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Surgery. 2007 Dec;142(6):829-36; discussion 836.e1.

Pancreatoduodenal surgery in patients with multiple endocrine neoplasia type 1: Operative outcomes, long-term function, and quality of life.

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  • 1Division of Endocrinology, Diabetes, Metabolism, and Nutrition, Department of Internal Medicine, Mayo Clinic, Rochester, Minnesota 55905, USA.

Erratum in

  • Surgery. 2008 Feb;143(2):302.

Abstract

BACKGROUND:

Pancreatoduodenal (PD) neoplasms represent the principal disease-specific lethality in multiple endocrine neoplasia type 1 (MEN1). Potential oncologic benefits of PD resection must be weighed against operative morbidities, compromised pancreatic function, and quality of life (QOL).

METHODS:

Fifty MEN1 patients underwent PD resections during 1984-2004. Postoperative pancreatic function and QOL were assessed by EORTC QLQ-C30 and a disease-specific questionnaire (response rate, 78%).

RESULTS:

Twelve patients (24%) had asymptomatic disease detected by screening; 38 patients (76%) were symptomatic. All gross neoplasm was resected in 80% of patients. No patients died; 21 patients (42%) had complications. At 5 years postoperatively, 60% of patients were alive without disease, 24% of patients were with disease, 10% of patients died of PD neoplasms, 4% of patients died of other malignancies, and 2% of patients died of an unknown cause. Diabetes that requires insulin or oral hypoglycemics developed in 20% of patients. Frequent steatorrhea (>once/week) occurred in 25% of patients, early dumping occurred in 25% of patients, bloating occurred in 25% of patients, late dumping occurred in 7% of patients, hypoglycemia occurred in 7% of patients, and vomiting occurred in 4% of patients. Global QOL did not differ from that of the reference population (72.8 vs 75.3; P = .58).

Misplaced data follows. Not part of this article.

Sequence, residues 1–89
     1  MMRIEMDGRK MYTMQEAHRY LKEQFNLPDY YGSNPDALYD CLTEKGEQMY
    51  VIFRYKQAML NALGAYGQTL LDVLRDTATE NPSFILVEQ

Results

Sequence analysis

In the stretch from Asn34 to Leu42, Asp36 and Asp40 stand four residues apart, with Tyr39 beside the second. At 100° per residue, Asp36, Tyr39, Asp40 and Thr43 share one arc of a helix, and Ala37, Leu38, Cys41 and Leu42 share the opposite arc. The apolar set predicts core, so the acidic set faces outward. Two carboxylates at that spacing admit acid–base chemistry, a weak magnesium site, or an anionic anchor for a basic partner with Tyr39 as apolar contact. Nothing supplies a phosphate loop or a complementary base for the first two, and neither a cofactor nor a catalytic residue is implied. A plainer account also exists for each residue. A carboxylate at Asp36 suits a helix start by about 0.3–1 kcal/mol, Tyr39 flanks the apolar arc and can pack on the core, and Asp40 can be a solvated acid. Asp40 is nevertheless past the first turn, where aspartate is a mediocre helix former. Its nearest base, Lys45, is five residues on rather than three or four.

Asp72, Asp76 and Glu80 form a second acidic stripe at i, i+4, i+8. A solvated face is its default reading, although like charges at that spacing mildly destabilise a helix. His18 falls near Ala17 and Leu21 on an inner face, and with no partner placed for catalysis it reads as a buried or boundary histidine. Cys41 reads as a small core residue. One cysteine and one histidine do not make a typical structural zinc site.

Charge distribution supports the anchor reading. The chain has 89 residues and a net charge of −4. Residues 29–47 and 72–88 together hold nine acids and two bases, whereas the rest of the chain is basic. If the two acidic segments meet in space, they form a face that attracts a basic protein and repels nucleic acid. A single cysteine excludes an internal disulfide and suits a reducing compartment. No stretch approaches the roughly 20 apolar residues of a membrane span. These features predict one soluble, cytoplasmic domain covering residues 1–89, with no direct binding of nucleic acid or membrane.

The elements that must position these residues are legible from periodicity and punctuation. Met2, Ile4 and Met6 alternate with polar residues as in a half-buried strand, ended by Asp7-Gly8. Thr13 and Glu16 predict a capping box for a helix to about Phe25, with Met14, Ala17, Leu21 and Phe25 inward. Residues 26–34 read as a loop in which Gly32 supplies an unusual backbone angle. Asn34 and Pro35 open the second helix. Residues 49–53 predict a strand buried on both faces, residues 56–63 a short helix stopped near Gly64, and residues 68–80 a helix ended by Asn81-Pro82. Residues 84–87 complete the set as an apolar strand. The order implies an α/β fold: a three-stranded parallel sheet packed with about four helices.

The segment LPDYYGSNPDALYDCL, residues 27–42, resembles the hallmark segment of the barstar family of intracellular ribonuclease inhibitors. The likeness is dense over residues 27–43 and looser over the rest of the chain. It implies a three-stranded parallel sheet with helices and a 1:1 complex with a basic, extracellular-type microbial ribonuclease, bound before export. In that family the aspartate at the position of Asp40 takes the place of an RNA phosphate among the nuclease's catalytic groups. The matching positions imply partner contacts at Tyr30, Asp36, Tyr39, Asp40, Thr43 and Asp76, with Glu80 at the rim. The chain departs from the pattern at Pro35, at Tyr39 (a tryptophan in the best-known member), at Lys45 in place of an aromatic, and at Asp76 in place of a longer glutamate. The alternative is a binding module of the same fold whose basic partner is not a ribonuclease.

CONCLUSION:

PD resections in MEN1 are associated with perioperative risks and altered pancreatic function. The moderate compromise in patient-perceived QOL suggests that most patients accept and adapt to these trade-offs for the potential of prolonged survival.

PMID:
18063064
[PubMed - indexed for MEDLINE]
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